I actually find it interesting and challenging. A creative act. Just another aspect of my artistic self, connection. My art is all about connecting, so this feels like a natural extension. In a way, building an online presence is another “body of work”, similar to the one we build with our art: Who am I? Who am I to other people? What is my public image, and how much does it align with my private self, and the work I want to do? How does this online presence contribute to the knowledge of others, and to the greater good in the world?
My body of work–my artwork and my writing–tells you who I am as a person, and shows you the better person I strive to be.
Ultimately, this social networking stuff, it’s just another way to tell my story.
And on a lighter note, it can be fun to Twitter, my friends. If it sucks your time, confine it to your coffee break(s).
One bright note….LinkedIn might be a good one to join because it’s easy to search for the contacts you already have. I was surprised to create almost 150 contacts the first day, more than I have in several months of Facebook presence. And the connections are one I already treasure, I just hadn’t thought of them as my network. That person who I met on Freecycle? They work for our city government. That artist who commented on my blog? They work in academia, too.
Suddenly, my world seems bigger than I ever imagined.
Live and learn. And if you are truly a lifelong learner, as I strive to be, we’ll will be learning for many years to come.
p.s. A big shout-out and thank you to Gerri Newfry, who “recommended” my blog before I could even post this! Thank you, Gerri!
And geez, I went back to see how you can recommend me, and I can’t figure it out, either! If someone knows, please let me know, okay? I’m not sure if you have to be signed up on the site, but here are the instructions from LinkedIn:
To recommend a person from their profile:
1. Click ‘Recommend this person’ found in the upper right hand corner of the profile. You will also find a recommendation link in the Experience section under the position for which you want to recommend them.
2. Choose a category: service provider, business partner, student, or colleague.
3. Follow the instructions provided based on the category you selected.
Continuing with my mini-series about how to use Facebook’s “25 Random Things About Me” to write promotional materials.
The next question is from an artist who wrote:
I was intrigued by your letter today in the FAS newsletter. I just joined Facebook to find out more about the “list” of 25 things about yourself. After you compiled the list, how did you write it into an artist statement? I really feel clueless how to start. You are a very good writer!”
(This was the question I was going to answer first because of the compliment. Always feel free to put those in, btw….!!)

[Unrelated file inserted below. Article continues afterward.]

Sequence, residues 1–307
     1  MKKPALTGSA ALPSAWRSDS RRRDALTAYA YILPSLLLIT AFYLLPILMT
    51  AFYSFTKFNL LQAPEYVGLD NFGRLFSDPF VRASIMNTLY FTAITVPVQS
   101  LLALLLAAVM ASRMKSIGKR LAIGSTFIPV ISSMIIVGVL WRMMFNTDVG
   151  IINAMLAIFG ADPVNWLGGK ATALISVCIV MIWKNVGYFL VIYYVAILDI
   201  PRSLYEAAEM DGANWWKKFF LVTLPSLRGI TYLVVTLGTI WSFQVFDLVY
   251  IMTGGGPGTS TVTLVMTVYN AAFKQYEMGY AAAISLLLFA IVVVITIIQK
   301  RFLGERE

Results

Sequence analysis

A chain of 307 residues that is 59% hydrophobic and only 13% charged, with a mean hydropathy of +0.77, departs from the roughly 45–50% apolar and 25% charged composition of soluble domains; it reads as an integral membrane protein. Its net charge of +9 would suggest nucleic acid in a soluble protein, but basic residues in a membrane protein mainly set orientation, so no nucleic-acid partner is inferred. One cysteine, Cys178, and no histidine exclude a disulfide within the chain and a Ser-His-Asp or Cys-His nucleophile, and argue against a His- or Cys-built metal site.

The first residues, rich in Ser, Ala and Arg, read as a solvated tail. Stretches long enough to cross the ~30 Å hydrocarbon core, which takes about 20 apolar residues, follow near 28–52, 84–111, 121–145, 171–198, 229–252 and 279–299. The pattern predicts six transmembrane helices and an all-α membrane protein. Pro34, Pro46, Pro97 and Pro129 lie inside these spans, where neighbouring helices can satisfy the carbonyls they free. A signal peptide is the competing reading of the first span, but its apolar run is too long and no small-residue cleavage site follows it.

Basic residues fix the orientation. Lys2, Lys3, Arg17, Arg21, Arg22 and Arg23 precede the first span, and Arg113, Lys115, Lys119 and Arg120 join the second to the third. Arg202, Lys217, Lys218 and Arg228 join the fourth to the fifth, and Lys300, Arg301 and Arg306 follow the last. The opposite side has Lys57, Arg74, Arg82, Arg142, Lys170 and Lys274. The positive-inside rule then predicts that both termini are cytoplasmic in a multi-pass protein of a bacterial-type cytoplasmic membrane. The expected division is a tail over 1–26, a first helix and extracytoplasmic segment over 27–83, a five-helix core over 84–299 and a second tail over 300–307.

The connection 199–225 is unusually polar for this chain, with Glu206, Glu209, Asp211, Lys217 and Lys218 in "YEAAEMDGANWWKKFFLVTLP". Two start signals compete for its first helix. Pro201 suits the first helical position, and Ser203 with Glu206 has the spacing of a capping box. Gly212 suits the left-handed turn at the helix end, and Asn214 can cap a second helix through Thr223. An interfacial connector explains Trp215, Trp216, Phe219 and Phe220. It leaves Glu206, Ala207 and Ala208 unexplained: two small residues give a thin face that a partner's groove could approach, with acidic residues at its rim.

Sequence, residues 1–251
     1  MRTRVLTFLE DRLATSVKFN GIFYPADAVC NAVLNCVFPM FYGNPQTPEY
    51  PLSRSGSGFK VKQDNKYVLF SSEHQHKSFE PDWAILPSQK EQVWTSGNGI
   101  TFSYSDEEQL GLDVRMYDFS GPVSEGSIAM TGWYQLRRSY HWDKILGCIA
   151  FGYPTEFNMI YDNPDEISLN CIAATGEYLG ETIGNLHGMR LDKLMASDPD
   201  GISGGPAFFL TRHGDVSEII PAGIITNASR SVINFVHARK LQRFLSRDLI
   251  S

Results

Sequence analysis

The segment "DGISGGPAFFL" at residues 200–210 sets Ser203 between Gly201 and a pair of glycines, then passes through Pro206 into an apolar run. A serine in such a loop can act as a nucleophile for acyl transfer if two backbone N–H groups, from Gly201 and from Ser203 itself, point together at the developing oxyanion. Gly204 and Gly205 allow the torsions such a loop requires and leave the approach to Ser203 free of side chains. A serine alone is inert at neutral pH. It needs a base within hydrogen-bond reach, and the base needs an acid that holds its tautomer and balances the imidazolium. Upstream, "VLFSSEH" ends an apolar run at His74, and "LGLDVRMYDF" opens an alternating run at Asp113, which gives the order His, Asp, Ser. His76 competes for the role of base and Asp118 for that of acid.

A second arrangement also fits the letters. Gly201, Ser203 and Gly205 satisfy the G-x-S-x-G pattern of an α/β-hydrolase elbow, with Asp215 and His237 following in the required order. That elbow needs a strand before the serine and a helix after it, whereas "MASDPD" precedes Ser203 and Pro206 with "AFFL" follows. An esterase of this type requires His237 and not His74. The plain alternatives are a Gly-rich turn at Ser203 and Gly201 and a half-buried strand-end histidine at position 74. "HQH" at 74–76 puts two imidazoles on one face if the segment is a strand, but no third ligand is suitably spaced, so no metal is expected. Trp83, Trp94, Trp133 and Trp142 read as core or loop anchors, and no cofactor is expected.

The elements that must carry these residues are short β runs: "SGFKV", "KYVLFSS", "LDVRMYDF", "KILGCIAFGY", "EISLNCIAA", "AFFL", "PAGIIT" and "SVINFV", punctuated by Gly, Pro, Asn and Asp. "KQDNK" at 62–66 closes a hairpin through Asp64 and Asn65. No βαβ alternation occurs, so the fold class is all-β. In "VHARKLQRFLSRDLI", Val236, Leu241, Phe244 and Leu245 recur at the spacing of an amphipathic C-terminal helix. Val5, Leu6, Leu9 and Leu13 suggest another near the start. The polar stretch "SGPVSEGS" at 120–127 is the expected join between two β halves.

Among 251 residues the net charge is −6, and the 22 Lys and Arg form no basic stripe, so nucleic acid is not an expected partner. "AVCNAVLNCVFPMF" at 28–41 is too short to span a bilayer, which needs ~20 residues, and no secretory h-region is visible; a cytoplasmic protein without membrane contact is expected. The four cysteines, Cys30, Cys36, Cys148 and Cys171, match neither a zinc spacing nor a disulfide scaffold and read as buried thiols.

Okay, so first, you can’t just use the 25 Random Things as your artist statement. That would be a loooong statement!
The list is a) a warm-up exercise for learning to write easily about yourself. And b) a source for snippets about yourself that get to the heart of what you do.
Just like musicians might play scales to warm up for performing, this list is a warm-up for more ‘serious’ writing.
It’s also a way to ‘warm up’ to putting more passion into your artist statement.
I picked “artist statement” as an end goal for this warm-up exercise. In reality, artists need all kinds of self promotional materials: artist bio, cv (curriculum vitae, sort of a ‘life resume’ with your art as a focus), artist statement, press releases, etc.
Some of your list items are going to jazz up your statement. Because unless you think people go crazy with excitement reading lists of your exhibits and educational background, you must learn to talk about your art with the same passion you use to make it.
You don’t have to go over the top–no drama major needed. But think about ways to talk about your art that shows why it really, really matters to you–and that it isn’t just “something you do” to fill in your spare time. Even if it is only that, you can talk about that in a way that is more engaging than, “Well, I was bored, so I made this stuff.”
Don’t be afraid to tell people what you care about.
Think of the 25 Random Things as a way to collect these things you care about the most. Some of them will provide you with a jumping-off place.
In my last post on this topic, we left off with the suggestion that a good artist statement should make you want to look at the artist’s work again. Some of you did that experiment with the artists I suggested, and graciously acknowledged that it worked. Yay!
The key to the 25 Random Things is, somewhere in a good list, there is something you’ve listed that might make people “look again”.
If your art is light-hearted, your approach to your 25 Random Things list, and your artist statement might be light-hearted, too. Remember–light-hearted art is not necessarily lightweight art. Laughter is powerful medicine. Humor can be a powerful weapon. Whimsy can still be serious stuff.
You might also choose different approaches (more serious, more whimsical) for different applications. For example, the “About Me” section of my blog has a more light-hearted approach. That’s because I want to entertain as well as inspire. Yes, I’m serious about my writing, but I’m willing to laugh at myself, too. (I just don’t want you to be laughing at me too hard, okay?)